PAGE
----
There Are No Bad Kids - Baby Chick

There Are No Bad Kids

ParentingPublished December 28, 2022

by Rachel Tomlinson

Registered Psychologist

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Is there such a thing as a bad kid? Our children are different, and siblings with the same parents and upbringing can be dissimilar. Some kids seem to breeze through life calm and settled, while others struggle, misbehave, disobey, and refuse to listen. What causes this difference? Are they “bad” kids, or is something happening?

A typical worry that parents have—along with whether their child is “bad”—is if it’s their fault. When their child misbehaves, parents may question themselves and their ability. For many parents, nothing they have done causes a child’s challenging behaviors, but does it mean there IS such a thing as a “bad” child?

Everyone Has Unique Character Traits

First, it’s essential to explore character traits. Everyone is born with traits that make them unique. While we may also develop abilities and strengths, a substantial amount of who we are comes down to our genes. These genes or inherent traits are not something we can change with exceptional or poor parenting. This includes things like empathy and reactivity.

We all have individual levels of empathy and differences in how strong or intense our emotional response is to things.1 This falls under the concept of emotional intelligence and results in challenges when a child tries to understand how others feel or their behavior influences others. The consequence might be that these people with low empathy or high reactivity seemingly don’t care how others feel, or they may be unkind or aggressive. But does this mean they are bad?

It’s More Complex Than Saying They’re a “Bad Child”

Behavior is complicated, and many things impact a child’s development, including things like:2

  • Genes (nature)
  • Nurture or parenting style
  • Family, both immediate and extended
  • Community, including education settings, peers, organizations, and supports

With all these elements, it’s hard to pinpoint the main contributor to “bad” behavior, and it’s unlikely that it is a single thing. We also cannot discount mental health conditions and learning disabilities. These can influence behaviors and the capacity to regulate emotions. They can also impact how an individual responds to consequences, including diagnoses such as oppositional defiance disorder, conduct disorder, attention deficit hyperactivity disorder, and autism.

Tips If Your Child’s Behavior is a Concern

Bring in Some Supports

If you are concerned about your child’s behavior, get them engaged with an appropriate and trusted health professional to check in and assess your child’s behavior. Once you have additional ideas about what might influence their behavior, you can implement strategies and bring in relevant support.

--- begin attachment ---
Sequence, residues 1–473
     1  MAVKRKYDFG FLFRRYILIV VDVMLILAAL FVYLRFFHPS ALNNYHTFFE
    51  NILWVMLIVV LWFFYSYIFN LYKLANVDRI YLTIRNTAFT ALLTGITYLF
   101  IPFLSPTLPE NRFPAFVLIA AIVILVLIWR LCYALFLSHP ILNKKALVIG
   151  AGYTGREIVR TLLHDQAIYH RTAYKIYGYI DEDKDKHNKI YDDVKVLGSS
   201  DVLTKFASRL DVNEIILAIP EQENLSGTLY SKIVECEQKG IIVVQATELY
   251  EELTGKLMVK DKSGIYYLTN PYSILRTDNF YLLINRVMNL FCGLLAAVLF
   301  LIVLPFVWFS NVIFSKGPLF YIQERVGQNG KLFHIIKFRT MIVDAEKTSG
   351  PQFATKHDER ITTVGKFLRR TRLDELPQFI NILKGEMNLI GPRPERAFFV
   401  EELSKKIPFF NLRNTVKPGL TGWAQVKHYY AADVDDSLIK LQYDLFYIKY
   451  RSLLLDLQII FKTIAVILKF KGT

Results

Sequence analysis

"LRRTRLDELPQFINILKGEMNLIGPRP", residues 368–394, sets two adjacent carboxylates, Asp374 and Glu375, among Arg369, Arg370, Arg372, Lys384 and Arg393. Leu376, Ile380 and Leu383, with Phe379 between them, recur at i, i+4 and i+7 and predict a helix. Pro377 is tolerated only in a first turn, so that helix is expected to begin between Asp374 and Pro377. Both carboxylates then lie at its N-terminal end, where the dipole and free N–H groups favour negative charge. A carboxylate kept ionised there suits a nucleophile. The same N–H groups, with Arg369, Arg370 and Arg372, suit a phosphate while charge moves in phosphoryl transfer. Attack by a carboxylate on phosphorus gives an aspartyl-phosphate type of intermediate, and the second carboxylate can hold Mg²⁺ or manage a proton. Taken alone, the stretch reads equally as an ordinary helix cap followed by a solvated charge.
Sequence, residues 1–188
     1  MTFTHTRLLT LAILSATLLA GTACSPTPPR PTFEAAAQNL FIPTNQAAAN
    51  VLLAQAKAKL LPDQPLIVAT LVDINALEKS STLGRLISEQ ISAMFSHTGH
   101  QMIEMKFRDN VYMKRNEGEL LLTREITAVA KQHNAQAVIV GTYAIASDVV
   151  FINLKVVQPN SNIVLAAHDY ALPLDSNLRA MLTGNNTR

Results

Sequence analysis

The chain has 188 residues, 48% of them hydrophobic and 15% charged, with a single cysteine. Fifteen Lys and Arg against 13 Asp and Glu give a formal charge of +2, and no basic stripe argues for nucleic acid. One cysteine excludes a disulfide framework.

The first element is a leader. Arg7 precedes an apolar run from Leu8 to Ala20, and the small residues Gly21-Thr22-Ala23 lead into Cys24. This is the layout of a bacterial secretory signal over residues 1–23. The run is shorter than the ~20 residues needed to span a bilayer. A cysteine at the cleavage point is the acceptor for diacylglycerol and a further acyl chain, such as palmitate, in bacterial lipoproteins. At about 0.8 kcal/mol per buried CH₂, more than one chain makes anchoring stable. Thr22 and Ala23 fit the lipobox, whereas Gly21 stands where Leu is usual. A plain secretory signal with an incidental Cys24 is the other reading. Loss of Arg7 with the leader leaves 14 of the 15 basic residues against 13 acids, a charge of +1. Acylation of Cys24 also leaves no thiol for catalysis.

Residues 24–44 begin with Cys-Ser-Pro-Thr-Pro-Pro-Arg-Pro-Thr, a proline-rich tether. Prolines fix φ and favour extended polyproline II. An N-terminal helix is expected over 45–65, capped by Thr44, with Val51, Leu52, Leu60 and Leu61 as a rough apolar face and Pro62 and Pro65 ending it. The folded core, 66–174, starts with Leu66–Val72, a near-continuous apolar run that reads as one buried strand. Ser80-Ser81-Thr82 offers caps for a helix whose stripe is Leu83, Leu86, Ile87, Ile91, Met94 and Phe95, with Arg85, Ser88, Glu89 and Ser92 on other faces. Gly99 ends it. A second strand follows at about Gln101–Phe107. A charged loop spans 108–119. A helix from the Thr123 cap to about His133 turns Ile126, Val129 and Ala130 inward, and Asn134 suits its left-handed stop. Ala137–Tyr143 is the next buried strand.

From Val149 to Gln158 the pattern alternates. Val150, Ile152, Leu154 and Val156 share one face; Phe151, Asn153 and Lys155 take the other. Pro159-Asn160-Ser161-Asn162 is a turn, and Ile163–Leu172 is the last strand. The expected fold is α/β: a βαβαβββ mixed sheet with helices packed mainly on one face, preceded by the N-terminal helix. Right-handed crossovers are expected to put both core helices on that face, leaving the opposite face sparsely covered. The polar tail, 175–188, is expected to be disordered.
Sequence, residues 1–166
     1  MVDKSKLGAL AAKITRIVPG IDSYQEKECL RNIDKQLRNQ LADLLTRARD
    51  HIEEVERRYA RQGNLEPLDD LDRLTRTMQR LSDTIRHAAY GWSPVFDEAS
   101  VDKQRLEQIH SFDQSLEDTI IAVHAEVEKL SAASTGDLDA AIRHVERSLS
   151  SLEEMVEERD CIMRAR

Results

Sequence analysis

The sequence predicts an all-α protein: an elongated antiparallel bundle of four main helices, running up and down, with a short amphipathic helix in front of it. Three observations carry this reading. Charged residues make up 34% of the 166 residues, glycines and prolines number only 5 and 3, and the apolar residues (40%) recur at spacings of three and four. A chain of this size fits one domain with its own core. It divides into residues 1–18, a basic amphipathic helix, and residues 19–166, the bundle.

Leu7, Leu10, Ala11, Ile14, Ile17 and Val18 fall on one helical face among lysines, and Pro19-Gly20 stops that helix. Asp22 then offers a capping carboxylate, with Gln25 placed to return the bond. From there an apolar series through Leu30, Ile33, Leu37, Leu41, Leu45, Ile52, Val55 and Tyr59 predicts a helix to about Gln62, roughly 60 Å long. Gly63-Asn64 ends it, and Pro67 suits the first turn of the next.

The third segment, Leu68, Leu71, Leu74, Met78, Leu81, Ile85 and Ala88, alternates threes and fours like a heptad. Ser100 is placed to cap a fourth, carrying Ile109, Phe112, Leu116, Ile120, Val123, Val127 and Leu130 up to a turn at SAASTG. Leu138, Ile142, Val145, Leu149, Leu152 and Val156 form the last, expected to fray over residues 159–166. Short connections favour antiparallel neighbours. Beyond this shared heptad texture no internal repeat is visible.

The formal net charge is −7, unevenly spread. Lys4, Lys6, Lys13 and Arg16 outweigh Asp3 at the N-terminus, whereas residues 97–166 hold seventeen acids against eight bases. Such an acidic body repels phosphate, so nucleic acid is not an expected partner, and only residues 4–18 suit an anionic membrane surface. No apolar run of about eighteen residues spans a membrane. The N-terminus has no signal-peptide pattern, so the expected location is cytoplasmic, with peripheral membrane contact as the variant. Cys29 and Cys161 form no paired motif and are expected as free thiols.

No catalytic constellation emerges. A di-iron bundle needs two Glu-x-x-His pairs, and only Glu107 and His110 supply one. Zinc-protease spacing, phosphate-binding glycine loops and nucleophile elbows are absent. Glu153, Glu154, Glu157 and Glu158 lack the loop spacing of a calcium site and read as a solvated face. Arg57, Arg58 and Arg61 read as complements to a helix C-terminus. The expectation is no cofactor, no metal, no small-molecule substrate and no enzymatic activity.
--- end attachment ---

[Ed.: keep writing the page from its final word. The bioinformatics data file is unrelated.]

Identify Your Child’s Strengths

Despite potential challenges, your child will have abilities you can harness and focus on. If your child feels like they can cope, they are less likely to give in or become overwhelmed and have challenging or problematic behavior.

Find the Positives

When you see your child engaged in appropriate behavior or behaviors you would like them to repeat, shout it from the rooftops. Tell them, and be explicit about the skills, behaviors, or attitudes you appreciate instead of saying “good boy” or “good girl.”

Be Consistent

Providing your child with consistent limits and rules will help them feel secure. When kids feel safe, they are less likely to get overwhelmed, and their behaviors tend to be more settled and calmer.

Focus on Connection, Not Teaching

It can be exhausting for you and your child when you constantly put rules or limits in place and mop up the consequences of challenging behaviors. Make sure you focus on the strength of your relationship and find moments for connection. When your child feels connected to you, they are more likely to feel validated and supported.

Try to Reframe Your Thoughts

Yes, things might be challenging, but ensure you catch any negative thoughts about your child, yourself, and your capacity to be a parent and reframe them. Instead of “things are tough,” focus on what you are trying to do or how hard you are both working. Instead of “it’s taking so long to change things,” consider your and your child’s progress.

Given the information about nature versus nurture, some children might be more challenging to parent than others, and we might consider their behavior “bad” rather than the child. This changes the idea that blame sits with the parent or child and instead focuses on addressing the behavior. This allows us to protect our children’s self-esteem and self-worth and reduce the emotional damage from being labeled a “bad kid,” which can set them up to live up to the label.3

Resources
1. Goleman, D. (1995) Emotional Intelligence – Why it can Matter more than IQ. New York: Bantam Books
2. Esposito, E. A., E. L. Grigorenko, and Robert J. Sternberg. 2011. “The Nature–Nurture Issue (an Illustration Using Behaviour-Genetic Research on Cognitive Development).” In An Introduction to Developmental Psychology (2nd ed.), edited by A. Slater and G. Bremner. British Psychological Society Blackwell. p. 85
3. Loader, P. (1998) “Such a Shame – A Consideration of Shame and Shaming Mechanisms in Families” Child Abuse Review, Vol. 7 p.44-57.

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